While much of the comics and film press has been focusing on various men of metal (iron, steel and adamantium respectively) alongside promising sequels and the lovely Thor, one comic film is being a tad overlooked. Starring Chris Evans, Tilda Swinton, John Hurt, Jamie Bell, Alison Pill, Ed Harris and Octavia Spencer, this looks set to be a very different kind of comic book film, and perhaps a surprise blockbuster.
Based on the popular bande dessinée Le Transperceneige, this is the story of a future world where the remnants of humanity live on board a single train, powered by a perpetual motion engine. The Earth is encased in a bitter Ice Age, induced by a failed attempt to halt global warming. The train, one thousand and one carriages long, holds an entire society within; the last society, segregated by class via position. The further away from the engine, the more poverty and tension can be found. Revolution is in the air.
I’ve already pegged this as potentially the debut of the year, and with Liberator #1 now available for pre-order, we get a sneak peek at the new artistic team.
When Black Mask Studios went live back in February, it was Occupy Comics with its star studded roster that understandably stole the headlines. Yet out of the other books lined up, there was one in particular I was already looking forward to. Liberator, with its glowing praise from Scott Snyder, Steve Niles, Chris Burnham, Jimmy Palmiotti and others, had smashed its Kickstarter target earlier that month.
In Dredd’s long and illustrious career we’ve seen many a female Judge stepping up to the plate, from Anderson to McGruder, but the iconic British strip has never been written by a woman. Until now.
2000 AD, a sci-fi anthology that has run continuously since 1977, has enjoyed a reputation for creating fantastic women characters (Halo Jones!) in the various strips that focus on personality first, and gender last. Judge Anderson is perhaps the most well known example, and her portrayal in the 2012 film Dredd by Olivia Thirlby cemented that wonderfully by showing her as Dredd’s equal in every respect – including costume. In fact that very under-appreciated film is one of the strongest comic book movies of all time in terms of gender politics, carried out in a very “no big deal” manner.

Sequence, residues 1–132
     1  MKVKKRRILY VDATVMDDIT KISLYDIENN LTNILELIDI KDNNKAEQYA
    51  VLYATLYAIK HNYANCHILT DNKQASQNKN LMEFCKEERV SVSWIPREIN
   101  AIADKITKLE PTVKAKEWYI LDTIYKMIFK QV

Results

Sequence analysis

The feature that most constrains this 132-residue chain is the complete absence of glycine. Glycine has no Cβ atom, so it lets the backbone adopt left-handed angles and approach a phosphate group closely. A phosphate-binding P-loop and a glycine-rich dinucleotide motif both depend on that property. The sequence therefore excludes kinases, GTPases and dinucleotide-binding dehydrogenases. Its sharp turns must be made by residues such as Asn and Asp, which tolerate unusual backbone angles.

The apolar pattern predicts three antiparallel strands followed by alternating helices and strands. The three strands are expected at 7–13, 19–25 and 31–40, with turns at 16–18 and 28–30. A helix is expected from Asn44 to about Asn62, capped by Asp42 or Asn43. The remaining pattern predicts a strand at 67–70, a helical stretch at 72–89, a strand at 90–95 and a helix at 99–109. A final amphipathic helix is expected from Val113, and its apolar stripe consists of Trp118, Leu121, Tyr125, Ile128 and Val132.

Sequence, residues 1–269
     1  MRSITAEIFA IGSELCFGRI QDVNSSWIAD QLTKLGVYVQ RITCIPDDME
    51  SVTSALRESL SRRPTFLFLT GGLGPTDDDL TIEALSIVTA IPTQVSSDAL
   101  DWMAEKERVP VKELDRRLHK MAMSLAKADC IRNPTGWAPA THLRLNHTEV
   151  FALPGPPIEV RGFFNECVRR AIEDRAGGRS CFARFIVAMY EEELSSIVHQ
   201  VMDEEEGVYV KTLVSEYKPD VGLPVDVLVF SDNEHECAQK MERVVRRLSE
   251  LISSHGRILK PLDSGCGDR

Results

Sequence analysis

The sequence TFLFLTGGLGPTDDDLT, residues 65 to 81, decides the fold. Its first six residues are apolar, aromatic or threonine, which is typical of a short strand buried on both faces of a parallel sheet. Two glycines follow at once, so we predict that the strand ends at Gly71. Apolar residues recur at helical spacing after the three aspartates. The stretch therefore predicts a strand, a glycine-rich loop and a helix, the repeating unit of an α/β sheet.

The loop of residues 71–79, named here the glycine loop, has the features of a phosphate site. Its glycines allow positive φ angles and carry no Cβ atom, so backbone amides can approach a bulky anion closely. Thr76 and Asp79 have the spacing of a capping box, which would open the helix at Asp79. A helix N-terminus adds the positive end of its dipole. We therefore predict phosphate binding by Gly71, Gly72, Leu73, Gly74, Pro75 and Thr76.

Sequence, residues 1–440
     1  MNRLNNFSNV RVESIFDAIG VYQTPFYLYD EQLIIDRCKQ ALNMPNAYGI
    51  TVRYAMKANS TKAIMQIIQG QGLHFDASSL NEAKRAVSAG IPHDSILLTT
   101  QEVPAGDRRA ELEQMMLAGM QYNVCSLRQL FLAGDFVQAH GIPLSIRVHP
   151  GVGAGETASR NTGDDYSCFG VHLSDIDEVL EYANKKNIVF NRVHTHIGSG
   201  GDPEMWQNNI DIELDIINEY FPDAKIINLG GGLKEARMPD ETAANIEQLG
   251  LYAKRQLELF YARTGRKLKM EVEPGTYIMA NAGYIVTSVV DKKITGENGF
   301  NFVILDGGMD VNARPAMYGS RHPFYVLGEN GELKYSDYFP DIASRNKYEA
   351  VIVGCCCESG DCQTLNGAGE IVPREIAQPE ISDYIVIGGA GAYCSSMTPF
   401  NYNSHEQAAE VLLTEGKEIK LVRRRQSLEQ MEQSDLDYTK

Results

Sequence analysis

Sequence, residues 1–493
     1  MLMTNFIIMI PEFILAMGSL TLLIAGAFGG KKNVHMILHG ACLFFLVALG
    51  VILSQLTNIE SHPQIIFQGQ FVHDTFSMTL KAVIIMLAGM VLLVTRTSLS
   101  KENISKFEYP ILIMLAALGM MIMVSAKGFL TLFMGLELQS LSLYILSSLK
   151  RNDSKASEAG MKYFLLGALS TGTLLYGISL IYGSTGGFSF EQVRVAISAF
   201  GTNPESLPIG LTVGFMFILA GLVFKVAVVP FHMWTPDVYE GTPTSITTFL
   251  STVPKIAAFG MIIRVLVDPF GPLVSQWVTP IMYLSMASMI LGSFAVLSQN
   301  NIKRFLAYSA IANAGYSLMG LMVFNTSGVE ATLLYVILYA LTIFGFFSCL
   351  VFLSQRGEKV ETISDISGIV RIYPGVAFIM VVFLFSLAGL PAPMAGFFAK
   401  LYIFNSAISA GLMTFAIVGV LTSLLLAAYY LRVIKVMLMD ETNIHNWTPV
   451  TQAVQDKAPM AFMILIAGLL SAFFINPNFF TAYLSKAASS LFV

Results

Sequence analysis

A project by Michael Lee Lunsford – of Supernnormal Step webcomic fame – that sees some of our favourite women superheroes dressed in non-revealing costumes has been causing a splash on the internet today.
I really love these, and it’s heartening to see the positive reactions. In my own world, superheroes would have more than one outfit because while some days we all feel like sex kittens, other days we just want to wear our pyjamas and veg out while reluctantly saving the world. And who wants to wear the same thing every day? Stick to a colour scheme to be recognisable, but work that capsule wardrobe folk. Lunsford is now working on a series called Super-Casuals, starting with Spider-Man.
An exciting new original graphic novel from Serena Obhrai and Jennie Gyllblad following the epic adventures of a not so ordinary girl.
Elysia is a 300 page urban fantasy and sci-fi graphic novel written by the prolific Serena Obhrai, that is currently causing a storm on Kickstarter. With 21 days still to pledge the project has already achieved 74% of the funding required and shows no sign of abating. In other words, get in quick!
Grant Morrison’s run on Action Comics has been met with both high praise and no small measure of bewilderment. But this is a legendary run – you just need to think five dimensionally.
When Morrison was announced as the writer of Action Comics #1, back in 2011, there was a great deal of excitement within the comics community. The man who had given us one of the greatest Superman books of all time, All-Star Superman, seemed a poetic choice as the architect of this brand new history. Morrison spoke of his love for the original Golden Age character, his socialist roots and desire to do good in the world; Superman as a folk tale, before he became the centrepiece of our modern mythology. The young Kal, standing proud and over-confident in his American jeans and self-branded t-shirt, cape flying behind him as he raced from one adventure to the next...